Ongoing doctors strike makes Kenyans desperate | Africa | DW | 30.12.2016
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Ongoing doctors strike makes Kenyans desperate

It is estimated that 40 people have died since government doctors began a strike four weeks ago to demand a promised pay raise. Patients are left scrambling to find alternative treatment options.

Kenya's nationwide doctor's strike has officially entered its fourth week and continues to paralyze the country's public healthcare system. Doctors are demanding a 300 percent pay increase from the Ministry of Health. According to local news reports, up to 40 people have died across Kenya as a result of the lack of doctors.

The thousands of patients who rely on public health facilities have been forced to seek treatment elsewhere. The situation got worse over the Christmas holidays as the number of Kenyans seeking medical attention increased. Regardless, the doctors have affirmed that they won't go back to work until their grievances are addressed.

Denied public healthcare, Kenyans have been seeking treatment at the few private hospitals across the country. Due to the strike, most of these facilities have hiked up their charges to levels most Kenyans cannot afford.

On December 14, nurses in Kenya signed a deal with the Ministry of Health to end their strike which started at the same time as the doctors stoppage. Even though the nurses have helped to cushion the effects of the strike by treating minor cases, they have also been forced to turn away patients with complications they were not able to handle.

"The health of a Kenyan citizen is the backbone of our country Kenya," said Robert Juma, a resident of Nairobi. "The government should work to ensure doctors are back doing their jobs so that the common Kenyan citizen can get access to vital health services."

No salaries for December

County governments have said that the doctors participating in the strike will not receive their December salaries. There have been attempts at negotiations between the government and the Kenya Medical Practitioners, Pharmacists and Dentists' Union (KMPDU) but no agreement has been reached to date.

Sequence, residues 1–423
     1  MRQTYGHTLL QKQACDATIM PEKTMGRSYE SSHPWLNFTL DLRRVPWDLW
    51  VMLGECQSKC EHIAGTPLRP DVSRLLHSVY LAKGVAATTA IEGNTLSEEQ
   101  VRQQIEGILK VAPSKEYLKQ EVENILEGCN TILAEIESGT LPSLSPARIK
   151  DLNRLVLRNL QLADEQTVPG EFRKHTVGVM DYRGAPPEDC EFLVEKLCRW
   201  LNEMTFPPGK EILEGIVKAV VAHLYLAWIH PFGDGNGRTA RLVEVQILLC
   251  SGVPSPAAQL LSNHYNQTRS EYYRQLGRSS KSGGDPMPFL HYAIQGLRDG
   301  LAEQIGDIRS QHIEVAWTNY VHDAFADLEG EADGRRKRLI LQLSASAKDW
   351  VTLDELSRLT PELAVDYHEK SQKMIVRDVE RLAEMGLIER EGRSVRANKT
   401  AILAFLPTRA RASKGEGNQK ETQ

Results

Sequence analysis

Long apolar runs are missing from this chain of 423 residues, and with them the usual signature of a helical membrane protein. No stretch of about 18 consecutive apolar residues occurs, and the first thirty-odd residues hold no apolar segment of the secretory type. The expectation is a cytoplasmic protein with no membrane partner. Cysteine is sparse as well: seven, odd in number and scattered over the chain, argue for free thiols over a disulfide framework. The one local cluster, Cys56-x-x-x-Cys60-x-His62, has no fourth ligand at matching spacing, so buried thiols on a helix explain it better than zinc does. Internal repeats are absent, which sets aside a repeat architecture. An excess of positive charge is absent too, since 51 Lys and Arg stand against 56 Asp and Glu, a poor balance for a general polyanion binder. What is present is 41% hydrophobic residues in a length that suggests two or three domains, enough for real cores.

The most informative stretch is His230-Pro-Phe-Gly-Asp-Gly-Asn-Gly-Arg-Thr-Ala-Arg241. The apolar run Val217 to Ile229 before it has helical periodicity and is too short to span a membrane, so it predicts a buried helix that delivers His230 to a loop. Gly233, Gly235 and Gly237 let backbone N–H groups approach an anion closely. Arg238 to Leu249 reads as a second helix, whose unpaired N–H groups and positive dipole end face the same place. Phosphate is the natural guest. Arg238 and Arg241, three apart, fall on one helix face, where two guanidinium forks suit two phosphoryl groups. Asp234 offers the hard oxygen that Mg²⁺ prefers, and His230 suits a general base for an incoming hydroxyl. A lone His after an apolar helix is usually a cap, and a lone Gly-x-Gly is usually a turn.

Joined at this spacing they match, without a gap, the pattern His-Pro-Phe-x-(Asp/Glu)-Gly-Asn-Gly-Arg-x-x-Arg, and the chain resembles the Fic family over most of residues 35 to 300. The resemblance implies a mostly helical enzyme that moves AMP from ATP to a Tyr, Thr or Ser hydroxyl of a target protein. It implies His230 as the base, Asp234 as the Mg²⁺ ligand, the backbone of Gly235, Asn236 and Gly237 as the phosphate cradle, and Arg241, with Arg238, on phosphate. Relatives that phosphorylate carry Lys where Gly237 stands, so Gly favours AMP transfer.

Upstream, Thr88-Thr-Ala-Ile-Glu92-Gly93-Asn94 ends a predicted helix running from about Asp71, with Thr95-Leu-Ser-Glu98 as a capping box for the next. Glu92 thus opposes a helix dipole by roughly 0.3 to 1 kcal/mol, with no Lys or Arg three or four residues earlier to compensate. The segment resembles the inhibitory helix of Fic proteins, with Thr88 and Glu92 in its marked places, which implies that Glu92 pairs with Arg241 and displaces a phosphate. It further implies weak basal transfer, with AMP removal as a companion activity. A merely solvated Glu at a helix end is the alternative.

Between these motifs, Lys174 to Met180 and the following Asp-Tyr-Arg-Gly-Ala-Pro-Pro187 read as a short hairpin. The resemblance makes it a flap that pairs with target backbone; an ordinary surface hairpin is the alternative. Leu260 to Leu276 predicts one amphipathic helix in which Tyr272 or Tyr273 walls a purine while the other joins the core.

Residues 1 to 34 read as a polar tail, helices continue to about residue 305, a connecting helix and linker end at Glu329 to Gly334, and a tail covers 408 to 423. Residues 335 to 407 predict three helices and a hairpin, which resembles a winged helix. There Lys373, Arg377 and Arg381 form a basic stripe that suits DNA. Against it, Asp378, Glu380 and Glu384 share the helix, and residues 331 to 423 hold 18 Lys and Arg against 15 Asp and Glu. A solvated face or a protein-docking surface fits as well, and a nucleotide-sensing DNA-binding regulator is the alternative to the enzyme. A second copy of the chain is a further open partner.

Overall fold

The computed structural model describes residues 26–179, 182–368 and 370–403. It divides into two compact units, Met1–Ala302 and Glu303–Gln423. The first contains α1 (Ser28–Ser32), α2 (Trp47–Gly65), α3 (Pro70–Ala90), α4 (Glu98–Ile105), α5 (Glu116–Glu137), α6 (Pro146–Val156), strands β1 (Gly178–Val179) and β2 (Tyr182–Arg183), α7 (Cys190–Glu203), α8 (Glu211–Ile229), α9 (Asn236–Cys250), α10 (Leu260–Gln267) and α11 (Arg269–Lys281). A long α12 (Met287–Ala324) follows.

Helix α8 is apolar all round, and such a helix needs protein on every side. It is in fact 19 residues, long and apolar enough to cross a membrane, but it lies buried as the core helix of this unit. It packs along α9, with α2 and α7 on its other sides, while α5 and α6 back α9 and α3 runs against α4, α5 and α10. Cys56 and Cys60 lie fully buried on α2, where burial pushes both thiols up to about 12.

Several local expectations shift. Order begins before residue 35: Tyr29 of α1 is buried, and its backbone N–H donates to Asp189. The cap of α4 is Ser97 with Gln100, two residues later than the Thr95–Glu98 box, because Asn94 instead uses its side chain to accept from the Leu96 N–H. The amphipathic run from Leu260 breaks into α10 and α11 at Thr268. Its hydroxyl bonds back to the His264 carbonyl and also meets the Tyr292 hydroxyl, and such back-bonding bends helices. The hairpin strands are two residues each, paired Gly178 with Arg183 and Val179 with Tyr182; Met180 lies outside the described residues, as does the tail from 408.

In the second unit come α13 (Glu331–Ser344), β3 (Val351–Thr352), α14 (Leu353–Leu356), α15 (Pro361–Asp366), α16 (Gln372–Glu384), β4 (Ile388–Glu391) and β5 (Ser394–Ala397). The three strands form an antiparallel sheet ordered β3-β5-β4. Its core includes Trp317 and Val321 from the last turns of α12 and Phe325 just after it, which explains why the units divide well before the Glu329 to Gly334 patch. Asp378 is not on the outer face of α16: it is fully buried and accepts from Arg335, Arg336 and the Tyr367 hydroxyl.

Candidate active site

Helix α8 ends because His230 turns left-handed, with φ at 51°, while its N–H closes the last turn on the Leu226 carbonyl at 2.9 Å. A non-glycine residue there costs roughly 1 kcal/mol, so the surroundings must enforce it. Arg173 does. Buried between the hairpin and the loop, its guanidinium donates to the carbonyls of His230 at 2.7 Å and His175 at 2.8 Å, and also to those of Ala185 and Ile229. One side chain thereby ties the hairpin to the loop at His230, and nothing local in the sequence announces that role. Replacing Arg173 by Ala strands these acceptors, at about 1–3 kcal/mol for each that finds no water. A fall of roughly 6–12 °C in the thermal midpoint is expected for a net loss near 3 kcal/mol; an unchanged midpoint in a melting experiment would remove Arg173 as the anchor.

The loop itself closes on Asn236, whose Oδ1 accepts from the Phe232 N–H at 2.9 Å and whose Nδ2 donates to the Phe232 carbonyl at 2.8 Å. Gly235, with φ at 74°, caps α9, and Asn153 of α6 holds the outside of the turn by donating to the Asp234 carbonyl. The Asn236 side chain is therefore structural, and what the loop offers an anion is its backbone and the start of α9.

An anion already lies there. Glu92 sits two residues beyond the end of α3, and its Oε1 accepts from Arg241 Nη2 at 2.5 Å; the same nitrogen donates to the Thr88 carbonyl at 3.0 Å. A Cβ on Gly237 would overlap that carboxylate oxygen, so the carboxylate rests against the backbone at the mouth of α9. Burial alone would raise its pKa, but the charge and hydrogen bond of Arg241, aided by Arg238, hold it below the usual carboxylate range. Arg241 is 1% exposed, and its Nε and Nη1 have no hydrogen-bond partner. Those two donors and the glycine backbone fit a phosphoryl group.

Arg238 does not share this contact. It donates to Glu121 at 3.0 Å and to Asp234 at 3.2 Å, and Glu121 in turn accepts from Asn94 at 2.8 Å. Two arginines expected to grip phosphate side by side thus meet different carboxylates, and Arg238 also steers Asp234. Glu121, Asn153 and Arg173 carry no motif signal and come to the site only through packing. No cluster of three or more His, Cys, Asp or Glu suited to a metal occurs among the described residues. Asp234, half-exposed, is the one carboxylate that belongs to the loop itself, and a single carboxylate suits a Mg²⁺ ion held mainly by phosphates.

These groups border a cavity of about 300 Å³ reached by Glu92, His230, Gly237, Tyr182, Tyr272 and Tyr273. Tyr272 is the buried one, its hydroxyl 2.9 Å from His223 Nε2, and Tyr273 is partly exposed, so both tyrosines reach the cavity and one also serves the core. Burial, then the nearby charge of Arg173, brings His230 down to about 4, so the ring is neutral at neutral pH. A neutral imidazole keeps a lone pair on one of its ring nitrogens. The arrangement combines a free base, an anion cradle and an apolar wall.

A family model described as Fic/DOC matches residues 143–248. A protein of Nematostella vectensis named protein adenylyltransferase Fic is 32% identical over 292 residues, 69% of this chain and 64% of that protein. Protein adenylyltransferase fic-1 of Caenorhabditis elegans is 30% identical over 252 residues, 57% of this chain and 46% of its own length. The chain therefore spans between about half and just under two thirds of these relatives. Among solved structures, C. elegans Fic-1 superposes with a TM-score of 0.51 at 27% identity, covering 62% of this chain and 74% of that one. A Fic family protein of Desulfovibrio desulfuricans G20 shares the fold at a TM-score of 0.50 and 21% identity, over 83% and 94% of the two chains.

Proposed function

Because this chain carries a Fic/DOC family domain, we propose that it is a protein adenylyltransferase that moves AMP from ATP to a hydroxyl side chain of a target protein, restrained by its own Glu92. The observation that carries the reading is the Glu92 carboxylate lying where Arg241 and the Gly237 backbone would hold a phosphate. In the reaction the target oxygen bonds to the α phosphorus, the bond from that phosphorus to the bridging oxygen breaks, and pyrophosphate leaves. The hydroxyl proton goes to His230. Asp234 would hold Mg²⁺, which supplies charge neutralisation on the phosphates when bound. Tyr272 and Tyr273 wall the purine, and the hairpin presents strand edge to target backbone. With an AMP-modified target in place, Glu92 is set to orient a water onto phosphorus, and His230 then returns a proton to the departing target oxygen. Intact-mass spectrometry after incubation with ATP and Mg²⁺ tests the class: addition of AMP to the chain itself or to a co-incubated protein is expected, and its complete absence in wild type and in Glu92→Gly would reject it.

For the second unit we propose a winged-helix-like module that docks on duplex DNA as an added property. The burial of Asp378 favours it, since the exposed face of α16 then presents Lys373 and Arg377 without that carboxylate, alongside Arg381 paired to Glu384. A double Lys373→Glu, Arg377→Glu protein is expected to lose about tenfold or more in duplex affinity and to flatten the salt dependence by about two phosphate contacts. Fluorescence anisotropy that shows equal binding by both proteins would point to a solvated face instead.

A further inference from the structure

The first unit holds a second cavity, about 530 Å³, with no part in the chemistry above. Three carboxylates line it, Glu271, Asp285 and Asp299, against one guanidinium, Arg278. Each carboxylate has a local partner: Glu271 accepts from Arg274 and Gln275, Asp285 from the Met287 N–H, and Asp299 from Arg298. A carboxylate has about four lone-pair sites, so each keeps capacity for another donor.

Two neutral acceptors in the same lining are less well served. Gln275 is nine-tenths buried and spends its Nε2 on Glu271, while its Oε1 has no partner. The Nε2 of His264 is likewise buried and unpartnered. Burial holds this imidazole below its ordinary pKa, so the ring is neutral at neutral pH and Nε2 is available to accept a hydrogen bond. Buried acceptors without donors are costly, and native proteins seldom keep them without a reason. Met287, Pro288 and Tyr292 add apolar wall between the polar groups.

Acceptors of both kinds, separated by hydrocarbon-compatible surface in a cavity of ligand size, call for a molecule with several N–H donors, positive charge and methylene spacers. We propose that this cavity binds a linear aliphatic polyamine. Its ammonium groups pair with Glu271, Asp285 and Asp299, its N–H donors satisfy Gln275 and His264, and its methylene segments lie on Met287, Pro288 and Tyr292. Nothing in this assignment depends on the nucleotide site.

The Kenyan government is reportedly planning to hire foreign doctors from Cuba and India to replace the striking doctors.

China Hospitalschiff Peace Ark vor Afrika (AFP/Getty Images)

Kenya is looking to hire foreign doctors to fill the gaps left by the striking doctors

Dr Elizabeth Ogaja from the Jaramogi Oginga Odinga Teaching and Referral Hospital thinks that the only solution would be for the government to give doctors the pay hike they are demanding.

"Even if the strike wasn't there, we would still need to advertise for a lot more doctors than we have at the moment," she said. "We need to sit down and dialogue, we cannot go on parallel tracks."

The doctors who have downed their tools are calling for the 300 percent pay hike that was promised under a collective bargaining agreement (CBA) reached in 2013 between the health professionals and the Kenyan government but never implemented.

County governments in Kenya were angry with the CBA at the time as they are the ones paying the salaries of most public doctors. Counties have already advertised for over 400 positions to replace the striking doctors.

Kenyan President Uhuru Kenyatta spoke about the strike at a public event in early December but has been largely silent on the issue ever since. At the time he urged doctors and nurses to return to work and to continue with the negotiations.

"To our civil servants and especially the striking doctors and nurses, nobody has refused to talk with you," he said.

Good Samaritan

Pregnant and in pain, 34-year-old Rosemary Achieng is among those who was turned away from a public hospital due to complications with her pregnancy. She was forced to deliver outside the hospital with the help of a security guard.

"They told me that there were no doctors at the hospital and I was directed to visit another hospital but I was in great pain," said Achieng. "While I was leaving the security guard told me to be calm and it was right at the gate that I delivered my baby."

Timothy Otsyula, the security guard, said that he saw someone who was in dire need of help and didn't think twice about helping.

"I saw the woman and she was in pain," he said. "I felt great pain too especially because my wife is also pregnant. I wondered what we would do if her time to give birth comes."

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